Thursday, April 10, 2014

They Actually Eat That: Oysters.

Well, it's been a while since I did this column! I recently got back from New Orleans, AKA "foodie heaven." It's the best place ever if you want to try something you have never eaten before. I looove crawfish, and had my first taste of creole, which is its own thing. Alligator meat is...where else? Florida? A few farms? Basically, New Orleans is not Chicago, which could only ever win awards for "most poisonous junk food." There's really good, unique stuff, there.

Oh, and oysters. I can say I've had oysters, now.

Oysters are everywhere in New Orleans. It's hard to walk down a street there without seeing at least one oyster bar, or at least someplace selling oysters, on your way. Oyster shells can be picked up off the ground, if you have a good eye. Bourbon and Royal Streets, both interesting in their own rights, have their fair share of oyster bars as well as other fun things to look at (every sin known to man and antique stores, respectively).

It's not that oysters are as unique as alligator meat, but, rather, that New Orleans has a lot of them. New Orleans is located right along an estuary - a place where fresh and saltwater mix. This creates a home so ideal for the eastern oyster (Crassostrea virginica) that several oyster reefs can be found right near New Orleans.

An oyster reef (or, confusingly, "oyster bar") is an area where successive generations of oysters thrive. There have been approximately 5,895 oysters recorded with in a single square yard of reef - that's 45 bushels, for the culinarily curious. Flatworms, small fish, and other molluscs all make their home in these massive oyster beds. Other things, such as cow-nose rays, also prey upon the oysters. There are plenty to go around, at least.


So, how do they taste? It depends on how you eat them. If you coat them in butter, seasonings, or anything else, they'll almost inevitably taste like that dressing. It's a little hard to pick out the taste beneath that - I would call it more subtle than mussel. Eaten raw, they supposedly taste exactly like fresh and salt water - both at once. Eat them while you're in New Orleans, for sure.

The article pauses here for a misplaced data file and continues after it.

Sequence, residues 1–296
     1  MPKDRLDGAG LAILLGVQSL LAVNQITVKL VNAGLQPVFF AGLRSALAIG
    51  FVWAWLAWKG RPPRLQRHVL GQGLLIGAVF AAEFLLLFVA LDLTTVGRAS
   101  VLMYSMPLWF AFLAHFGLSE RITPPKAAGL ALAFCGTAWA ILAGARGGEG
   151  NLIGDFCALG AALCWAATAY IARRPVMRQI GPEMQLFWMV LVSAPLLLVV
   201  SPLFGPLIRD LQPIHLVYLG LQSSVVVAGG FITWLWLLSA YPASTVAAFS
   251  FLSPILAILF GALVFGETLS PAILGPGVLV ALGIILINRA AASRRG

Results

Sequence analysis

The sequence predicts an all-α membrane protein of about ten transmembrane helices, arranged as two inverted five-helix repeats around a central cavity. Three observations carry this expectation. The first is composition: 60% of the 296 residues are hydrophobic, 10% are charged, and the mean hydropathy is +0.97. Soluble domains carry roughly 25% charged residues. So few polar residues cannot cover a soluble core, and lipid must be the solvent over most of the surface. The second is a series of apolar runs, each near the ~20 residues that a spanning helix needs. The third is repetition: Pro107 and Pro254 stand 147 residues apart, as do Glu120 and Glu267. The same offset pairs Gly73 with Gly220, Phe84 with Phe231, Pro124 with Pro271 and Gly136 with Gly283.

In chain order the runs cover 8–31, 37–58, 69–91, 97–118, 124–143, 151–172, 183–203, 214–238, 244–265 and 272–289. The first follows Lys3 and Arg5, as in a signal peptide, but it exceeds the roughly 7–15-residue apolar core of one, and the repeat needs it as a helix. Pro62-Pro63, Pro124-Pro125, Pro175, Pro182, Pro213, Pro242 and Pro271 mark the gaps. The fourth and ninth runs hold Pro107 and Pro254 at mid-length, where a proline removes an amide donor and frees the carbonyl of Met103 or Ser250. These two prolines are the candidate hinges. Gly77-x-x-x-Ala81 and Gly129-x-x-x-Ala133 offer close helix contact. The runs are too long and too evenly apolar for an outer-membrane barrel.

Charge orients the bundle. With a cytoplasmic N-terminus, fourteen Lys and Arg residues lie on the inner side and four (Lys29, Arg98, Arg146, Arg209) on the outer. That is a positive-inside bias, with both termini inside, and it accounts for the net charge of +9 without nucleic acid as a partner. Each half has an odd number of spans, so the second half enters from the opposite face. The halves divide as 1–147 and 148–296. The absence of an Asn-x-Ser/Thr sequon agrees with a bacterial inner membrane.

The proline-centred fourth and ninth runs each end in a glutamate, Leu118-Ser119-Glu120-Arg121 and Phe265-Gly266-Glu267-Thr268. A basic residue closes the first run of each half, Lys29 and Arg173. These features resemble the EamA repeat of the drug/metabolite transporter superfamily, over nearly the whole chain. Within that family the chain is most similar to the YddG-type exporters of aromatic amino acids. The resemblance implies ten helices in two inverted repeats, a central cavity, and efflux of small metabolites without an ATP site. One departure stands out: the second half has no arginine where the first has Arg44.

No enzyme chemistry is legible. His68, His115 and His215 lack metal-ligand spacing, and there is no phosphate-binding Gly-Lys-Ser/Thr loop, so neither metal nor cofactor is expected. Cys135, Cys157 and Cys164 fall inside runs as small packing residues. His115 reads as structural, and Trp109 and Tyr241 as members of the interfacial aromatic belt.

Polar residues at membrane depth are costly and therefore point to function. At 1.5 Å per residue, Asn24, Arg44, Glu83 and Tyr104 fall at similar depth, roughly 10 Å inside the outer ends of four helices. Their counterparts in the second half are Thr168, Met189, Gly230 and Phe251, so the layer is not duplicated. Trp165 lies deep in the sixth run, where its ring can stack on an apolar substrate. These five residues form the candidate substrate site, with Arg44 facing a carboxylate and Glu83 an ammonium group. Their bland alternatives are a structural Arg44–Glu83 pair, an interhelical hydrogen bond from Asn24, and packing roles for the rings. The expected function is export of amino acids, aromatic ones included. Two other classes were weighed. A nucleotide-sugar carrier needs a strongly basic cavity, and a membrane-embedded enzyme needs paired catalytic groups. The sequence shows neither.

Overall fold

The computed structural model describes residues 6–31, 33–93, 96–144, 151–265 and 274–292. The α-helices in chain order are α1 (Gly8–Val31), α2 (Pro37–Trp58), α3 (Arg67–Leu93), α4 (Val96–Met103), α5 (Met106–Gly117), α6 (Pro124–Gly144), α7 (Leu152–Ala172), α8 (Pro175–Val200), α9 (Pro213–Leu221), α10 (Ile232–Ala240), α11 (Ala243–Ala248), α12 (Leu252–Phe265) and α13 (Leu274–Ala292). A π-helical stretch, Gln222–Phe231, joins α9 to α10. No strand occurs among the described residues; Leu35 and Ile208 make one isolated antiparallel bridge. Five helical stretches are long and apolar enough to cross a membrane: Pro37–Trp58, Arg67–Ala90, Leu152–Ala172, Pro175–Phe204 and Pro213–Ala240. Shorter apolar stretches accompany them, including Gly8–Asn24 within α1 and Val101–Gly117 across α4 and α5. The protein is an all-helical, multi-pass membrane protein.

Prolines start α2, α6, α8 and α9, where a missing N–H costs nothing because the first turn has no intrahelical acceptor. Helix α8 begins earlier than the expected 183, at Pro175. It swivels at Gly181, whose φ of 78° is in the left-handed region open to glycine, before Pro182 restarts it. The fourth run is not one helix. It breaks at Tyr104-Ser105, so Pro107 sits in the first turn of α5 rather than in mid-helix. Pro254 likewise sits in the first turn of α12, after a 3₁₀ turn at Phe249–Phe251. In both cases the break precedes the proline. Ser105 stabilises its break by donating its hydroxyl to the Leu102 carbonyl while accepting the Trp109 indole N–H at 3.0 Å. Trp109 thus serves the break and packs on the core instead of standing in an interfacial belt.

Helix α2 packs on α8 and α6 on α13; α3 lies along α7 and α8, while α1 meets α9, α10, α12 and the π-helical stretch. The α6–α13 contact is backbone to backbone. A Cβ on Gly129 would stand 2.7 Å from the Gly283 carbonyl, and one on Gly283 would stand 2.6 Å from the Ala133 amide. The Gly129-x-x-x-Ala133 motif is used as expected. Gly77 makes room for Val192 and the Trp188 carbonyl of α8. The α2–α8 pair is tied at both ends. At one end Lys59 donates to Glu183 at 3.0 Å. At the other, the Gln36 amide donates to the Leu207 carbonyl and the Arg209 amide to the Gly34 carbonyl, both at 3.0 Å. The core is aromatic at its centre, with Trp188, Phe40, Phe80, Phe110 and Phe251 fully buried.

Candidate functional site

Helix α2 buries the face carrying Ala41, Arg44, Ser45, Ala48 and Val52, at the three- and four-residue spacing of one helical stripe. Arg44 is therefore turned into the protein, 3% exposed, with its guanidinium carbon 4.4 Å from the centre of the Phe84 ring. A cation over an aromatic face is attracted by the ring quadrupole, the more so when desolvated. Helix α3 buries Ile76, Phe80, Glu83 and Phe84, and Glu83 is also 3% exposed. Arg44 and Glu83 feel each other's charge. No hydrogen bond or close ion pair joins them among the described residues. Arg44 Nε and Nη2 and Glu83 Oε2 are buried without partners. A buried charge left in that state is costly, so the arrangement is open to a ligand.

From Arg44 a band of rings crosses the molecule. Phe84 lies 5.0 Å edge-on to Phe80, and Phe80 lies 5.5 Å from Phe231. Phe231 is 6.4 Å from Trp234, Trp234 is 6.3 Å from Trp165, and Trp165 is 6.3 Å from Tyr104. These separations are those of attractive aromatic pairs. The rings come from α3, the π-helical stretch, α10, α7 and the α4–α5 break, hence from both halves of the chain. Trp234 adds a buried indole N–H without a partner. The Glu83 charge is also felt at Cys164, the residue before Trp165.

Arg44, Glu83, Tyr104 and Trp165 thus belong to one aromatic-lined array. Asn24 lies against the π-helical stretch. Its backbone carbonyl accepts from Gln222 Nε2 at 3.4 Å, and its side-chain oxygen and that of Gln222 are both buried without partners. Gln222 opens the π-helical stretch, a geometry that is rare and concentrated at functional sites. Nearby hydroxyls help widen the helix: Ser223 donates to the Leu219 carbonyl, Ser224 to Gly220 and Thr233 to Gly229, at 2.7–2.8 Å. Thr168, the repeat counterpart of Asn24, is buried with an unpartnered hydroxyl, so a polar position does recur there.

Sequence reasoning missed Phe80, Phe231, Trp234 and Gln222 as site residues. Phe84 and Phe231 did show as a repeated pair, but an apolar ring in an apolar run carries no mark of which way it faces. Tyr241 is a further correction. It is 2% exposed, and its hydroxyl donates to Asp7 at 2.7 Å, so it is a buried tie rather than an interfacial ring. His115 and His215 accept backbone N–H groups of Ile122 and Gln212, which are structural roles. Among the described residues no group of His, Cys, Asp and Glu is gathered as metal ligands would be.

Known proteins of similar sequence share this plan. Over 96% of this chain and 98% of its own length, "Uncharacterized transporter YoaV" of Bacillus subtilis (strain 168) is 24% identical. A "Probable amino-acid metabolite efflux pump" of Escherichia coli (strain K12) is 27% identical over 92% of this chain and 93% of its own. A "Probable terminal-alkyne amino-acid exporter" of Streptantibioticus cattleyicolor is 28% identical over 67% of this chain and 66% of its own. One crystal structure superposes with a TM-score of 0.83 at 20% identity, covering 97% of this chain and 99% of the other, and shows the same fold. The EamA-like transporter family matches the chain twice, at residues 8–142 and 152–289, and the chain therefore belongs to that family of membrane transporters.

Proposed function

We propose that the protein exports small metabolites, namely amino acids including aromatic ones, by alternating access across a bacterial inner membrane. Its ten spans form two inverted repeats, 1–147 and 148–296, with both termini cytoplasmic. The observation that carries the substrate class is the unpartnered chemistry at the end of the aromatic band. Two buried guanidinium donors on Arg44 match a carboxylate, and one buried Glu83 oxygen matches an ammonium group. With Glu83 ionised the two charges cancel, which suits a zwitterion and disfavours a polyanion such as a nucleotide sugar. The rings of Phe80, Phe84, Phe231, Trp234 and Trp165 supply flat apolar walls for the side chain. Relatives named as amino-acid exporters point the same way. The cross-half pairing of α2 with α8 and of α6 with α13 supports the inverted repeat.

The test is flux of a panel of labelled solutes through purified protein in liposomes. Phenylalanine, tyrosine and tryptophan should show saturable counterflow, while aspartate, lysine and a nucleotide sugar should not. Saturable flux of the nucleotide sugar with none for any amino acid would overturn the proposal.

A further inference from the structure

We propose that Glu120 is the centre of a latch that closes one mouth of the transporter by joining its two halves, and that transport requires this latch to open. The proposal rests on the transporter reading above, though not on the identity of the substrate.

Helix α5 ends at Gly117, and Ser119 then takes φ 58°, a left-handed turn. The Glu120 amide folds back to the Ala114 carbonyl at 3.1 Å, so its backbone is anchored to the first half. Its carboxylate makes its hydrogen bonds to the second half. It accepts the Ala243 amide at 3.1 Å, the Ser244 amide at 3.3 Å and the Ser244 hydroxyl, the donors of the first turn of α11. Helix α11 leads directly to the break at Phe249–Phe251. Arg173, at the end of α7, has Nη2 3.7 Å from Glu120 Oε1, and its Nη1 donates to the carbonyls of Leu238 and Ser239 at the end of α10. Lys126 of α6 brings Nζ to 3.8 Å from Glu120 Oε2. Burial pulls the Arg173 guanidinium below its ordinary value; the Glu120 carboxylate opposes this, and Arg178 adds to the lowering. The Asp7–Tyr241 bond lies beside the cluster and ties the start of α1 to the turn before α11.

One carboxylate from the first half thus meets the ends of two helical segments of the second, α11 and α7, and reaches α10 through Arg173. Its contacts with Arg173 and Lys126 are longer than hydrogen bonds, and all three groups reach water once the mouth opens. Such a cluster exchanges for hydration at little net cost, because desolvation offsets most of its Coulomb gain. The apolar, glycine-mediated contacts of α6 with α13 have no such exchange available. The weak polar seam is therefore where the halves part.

A bonus point: raw oysters are a scientifically-proven aphrodisiac. Raw, and only raw, oysters, contain zinc and other minerals that boost sperm count. Casanova's secret is backed by scientific fact, so, while raw oysters sound good on a hot day anyways, don't be surprised to find more junk downstairs. If you feel the sudden urge to go down Bourbon St. after slipping in some raw oysters, nobody will blame you. I repeat: It is OK to have fun. 

New Orleans has a lot of creative food options. That said, I still haven't gotten bold enough to try escolar, which I did an entry on a while back. It's illegal in a lot of places, but my favorite N'awlins sushi haunt (Ginger Lime - Google map it if you're there!) is not one of them. 


  1. I lived in New Orleans for 18 years. Then I moved to Houston for 15 years. New Orleans, of course, has the food reputation, and it is well-deserved. However, Houston's restaurant array is far more varied and interesting. What New Orleans has is consistency. It's almost impossible to find mediocre food in a restaurant, but here's the rub: It's pretty much ALL New Orleans food. Cajun, Creole, whatever you want to call it. There is scant variety. If you want interesting choices, Houston is far superior.

    Don't tell anybody in New Orleans that I said this. They will lynch me. They love to feel superior to Houston, but they are not.

  2. P.S. I used to eat raw oysters in New Orleans by the bucketful. Loved 'em. Would not touch them now. Too much pollution in the waters where they are harvested. Dang pity.